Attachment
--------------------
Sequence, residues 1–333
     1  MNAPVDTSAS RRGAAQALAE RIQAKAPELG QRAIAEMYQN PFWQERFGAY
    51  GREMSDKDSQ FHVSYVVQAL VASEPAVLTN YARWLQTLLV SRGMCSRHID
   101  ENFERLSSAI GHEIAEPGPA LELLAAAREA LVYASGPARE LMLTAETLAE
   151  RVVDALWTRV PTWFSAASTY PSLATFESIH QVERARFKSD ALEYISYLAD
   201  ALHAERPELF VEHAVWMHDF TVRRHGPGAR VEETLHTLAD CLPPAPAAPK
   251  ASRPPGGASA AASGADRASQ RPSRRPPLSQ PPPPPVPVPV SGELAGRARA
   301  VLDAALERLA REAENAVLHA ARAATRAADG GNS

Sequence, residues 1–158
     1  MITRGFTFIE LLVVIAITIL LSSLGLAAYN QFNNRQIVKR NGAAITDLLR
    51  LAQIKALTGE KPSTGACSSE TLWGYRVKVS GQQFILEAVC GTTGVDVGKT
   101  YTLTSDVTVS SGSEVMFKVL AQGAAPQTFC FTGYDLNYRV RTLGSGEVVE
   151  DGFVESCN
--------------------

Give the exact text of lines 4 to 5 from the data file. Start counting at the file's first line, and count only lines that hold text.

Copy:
   101  ENFERLSSAI GHEIAEPGPA LELLAAAREA LVYASGPARE LMLTAETLAE
   151  RVVDALWTRV PTWFSAASTY PSLATFESIH QVERARFKSD ALEYISYLAD